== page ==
Rising Storm

Remember when World War 2 first-person shooters were literally everywhere? I do. Back then, one of the behemoths of first person shooters happened to be Medal of Honor. You know, before they revived the series to be a bland modern shooter. Now that everyone's moved to this, the last few years have been saturated with modern military shooters, a concept so wrung dry many are even going into the "near future". If you watched this year's E3, futuristic military shooters will only increase in number as time goes on. until we hit upon the "next big thing." With the race into the future speeding up, Tripwire Interactive decided to dial it back to World War 2 with Rising Storm. This isn't new territory for Tripwire: every Red Orchestra has taken place during World War 2. Instead of fighting against Germans and/or Russians, the fight continues on the other side of the world- the Pacific Campaign. The scaling back to World War 2 is a refreshing change of pace from the current shooters, and Tripwire has managed to keep the series formula fresh enough to dump hours into it.

The change in pace applies to more than just the setting and the world. What comes with World War 2 shooters is a different sort of FPS where virtually every shot counts, especially when the guns are semi-automatic and bolt-action rifles. For me, it's always refreshing to play this sort of shooter, one that rewards you for being worth your salt when it comes to pointing and clicking on enemies. It promotes a sense of adrenaline that isn't seen all that often in games, where tension is built up with every bullet you fire. Dying is always frustrating in a game like Rising Storm, and if you are indeed coming into the series with wet ears you're likely to die a great deal. The frequency of death and the feeling of ineptitude is something that has done wonders to drive away many prospective new players of the Red Orchestra series in general. One-shot kills are unforgiving; the weapons in particular rarely offer second chances due to the bolt-action nature of many of the weapons. If you mess up once, you're likely dead unless firing from a well thought out position. The cruelty of the weapons does wonders to make you think on your shots, make sure your aim is true before firing that one singular shot intending for the kill. The weapons on the Allies' side are much more forgiving, the M1 Garand being a semi-automatic and, although rare, can give the unlucky fellow who fired off an errant shot a second chance to take down their enemy.

From a gameplay perspective things haven't changed a great deal. If anything, Rising Storm is akin to an expansion pack to Red Orchestra 2. It has all the familiar trappings in mechanics when compared its predecessor. It continues to feature a minimalist UI, as well as the commander mode not showing much change, if any at all. I still click the "artillery fire" button so fast it sounds like the beginning of a Fatboy Slim song from the late 90s. That's not necessarily a bad thing, either, considering it speaks volumes about the tense moments when trying to fire upon a marker placed on the map before the opposing forces shift sides. The real question, however, is if Rising Storm does enough to win over those who were dissuaded by Red Orchestra 2. I am talking, of course, about the fans of original game. When Red Orchestra 2 released it stayed alive for a good few months before petering off to a subpar player count, akin to a console FPS not named Halo or Call of Duty. It is completely reasonable to be fearful that Rising Storm will fall to the same fate.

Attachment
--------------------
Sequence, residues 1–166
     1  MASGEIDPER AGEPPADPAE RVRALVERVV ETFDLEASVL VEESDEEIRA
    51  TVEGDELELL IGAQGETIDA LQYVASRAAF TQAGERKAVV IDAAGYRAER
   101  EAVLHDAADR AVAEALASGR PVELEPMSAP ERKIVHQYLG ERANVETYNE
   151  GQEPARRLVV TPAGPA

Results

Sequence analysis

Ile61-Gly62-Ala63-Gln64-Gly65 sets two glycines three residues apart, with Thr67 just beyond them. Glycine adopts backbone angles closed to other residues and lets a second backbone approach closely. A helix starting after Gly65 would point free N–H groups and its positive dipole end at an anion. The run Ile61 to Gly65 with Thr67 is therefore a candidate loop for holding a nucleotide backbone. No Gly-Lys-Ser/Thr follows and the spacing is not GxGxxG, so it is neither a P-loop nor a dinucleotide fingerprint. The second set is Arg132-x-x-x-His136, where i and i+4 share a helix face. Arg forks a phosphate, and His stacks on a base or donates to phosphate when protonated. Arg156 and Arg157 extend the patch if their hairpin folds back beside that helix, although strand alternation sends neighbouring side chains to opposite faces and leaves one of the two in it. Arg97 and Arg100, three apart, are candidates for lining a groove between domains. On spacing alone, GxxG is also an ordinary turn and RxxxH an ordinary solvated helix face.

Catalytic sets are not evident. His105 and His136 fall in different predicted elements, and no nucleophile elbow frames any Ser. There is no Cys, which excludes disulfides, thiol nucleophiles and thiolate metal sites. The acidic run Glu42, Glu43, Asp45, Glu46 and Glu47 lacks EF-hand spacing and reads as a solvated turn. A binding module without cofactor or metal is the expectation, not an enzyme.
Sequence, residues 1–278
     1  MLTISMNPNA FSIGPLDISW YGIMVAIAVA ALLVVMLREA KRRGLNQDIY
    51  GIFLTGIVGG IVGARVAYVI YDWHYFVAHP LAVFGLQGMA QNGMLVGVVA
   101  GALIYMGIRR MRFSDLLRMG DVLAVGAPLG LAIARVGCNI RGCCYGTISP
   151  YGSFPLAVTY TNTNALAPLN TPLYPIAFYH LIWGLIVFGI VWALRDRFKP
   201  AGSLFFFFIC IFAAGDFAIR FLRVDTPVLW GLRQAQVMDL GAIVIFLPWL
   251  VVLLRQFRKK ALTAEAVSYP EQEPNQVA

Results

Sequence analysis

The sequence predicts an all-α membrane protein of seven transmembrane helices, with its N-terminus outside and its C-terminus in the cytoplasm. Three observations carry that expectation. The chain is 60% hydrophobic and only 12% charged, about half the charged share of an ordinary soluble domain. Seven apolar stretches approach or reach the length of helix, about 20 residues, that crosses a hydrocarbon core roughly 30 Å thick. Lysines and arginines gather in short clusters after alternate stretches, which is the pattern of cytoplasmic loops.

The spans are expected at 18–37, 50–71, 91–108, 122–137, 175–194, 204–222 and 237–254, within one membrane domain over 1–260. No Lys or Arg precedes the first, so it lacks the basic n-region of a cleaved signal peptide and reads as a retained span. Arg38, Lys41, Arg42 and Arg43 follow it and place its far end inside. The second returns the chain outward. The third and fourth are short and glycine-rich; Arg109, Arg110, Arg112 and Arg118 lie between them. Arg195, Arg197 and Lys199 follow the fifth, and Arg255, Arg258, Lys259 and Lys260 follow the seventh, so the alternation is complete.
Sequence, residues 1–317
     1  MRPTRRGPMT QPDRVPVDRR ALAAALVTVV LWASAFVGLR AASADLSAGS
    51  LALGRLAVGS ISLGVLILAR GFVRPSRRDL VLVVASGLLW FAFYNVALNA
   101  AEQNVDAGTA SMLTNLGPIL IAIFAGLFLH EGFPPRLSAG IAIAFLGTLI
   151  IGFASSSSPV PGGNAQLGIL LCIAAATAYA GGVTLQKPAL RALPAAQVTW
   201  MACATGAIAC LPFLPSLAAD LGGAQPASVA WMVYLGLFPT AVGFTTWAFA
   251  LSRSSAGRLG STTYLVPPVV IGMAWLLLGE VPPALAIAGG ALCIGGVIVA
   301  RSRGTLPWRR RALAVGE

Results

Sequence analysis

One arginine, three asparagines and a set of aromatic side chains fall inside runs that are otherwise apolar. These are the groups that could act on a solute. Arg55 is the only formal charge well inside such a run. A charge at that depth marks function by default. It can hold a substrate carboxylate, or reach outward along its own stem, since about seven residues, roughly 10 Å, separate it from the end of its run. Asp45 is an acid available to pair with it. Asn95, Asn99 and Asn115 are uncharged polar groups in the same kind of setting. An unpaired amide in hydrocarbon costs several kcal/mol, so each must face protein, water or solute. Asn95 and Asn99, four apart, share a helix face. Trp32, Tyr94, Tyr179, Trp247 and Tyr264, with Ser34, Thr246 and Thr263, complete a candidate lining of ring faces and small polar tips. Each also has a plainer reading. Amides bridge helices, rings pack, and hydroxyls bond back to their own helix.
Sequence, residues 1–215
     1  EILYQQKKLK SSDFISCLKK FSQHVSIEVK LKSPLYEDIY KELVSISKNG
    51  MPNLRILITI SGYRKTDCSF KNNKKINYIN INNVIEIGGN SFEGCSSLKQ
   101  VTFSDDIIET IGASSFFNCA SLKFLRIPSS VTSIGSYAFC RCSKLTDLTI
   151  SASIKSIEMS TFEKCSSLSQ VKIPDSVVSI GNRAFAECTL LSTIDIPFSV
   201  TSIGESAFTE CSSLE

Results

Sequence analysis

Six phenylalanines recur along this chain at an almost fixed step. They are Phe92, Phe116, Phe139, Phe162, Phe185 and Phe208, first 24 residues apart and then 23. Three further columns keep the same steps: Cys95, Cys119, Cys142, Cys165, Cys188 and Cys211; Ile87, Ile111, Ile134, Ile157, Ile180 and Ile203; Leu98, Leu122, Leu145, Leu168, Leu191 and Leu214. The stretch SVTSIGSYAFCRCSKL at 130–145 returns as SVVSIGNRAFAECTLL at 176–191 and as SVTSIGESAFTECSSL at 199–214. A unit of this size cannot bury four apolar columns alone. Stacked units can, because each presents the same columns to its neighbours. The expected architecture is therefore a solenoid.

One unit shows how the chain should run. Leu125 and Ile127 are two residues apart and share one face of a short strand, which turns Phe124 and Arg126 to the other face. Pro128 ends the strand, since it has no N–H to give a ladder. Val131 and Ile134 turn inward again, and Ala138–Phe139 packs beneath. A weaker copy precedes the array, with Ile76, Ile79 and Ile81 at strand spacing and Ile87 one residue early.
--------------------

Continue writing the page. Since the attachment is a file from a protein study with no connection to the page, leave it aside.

Rising Storm has started off on the right foot by being offered for free to owners of Red Orchestra 2, and this helps solidify the feeling of being an expansion. To be honest though, it's not a bad thing. Rising Storm changes just enough with the new weapons, new maps to explore, and new mechanics such as the ability to create traps with grenades. It's not a reinvention of gameplay that everyone always seems to wait for, or even the next big thing. It's a game with very specific ideals that caters to a very specific type of audience. If you're looking for an FPS with one foot in simulation like ARMA and the other in the action oriented gameplay like Battlefield, you'll have that itch scratched. I don't know if it will win over the original fans of the Red Orchestra series, the ones who weren't happy with the direction the second one took. I personally never took issue with the changes. One thing Tripwire Interactive has on their side is consistency, whether it be to anger their longtime fans or to make a rather good experience playing their game. That consistency is what helps them here, and the new weapons and environments may be just enough to convince giving the series another try to those who were left bitter with Red Orchestra 2. There's no harm in a second chance though, and for fifteen dollars it's a hard second chance to pass up.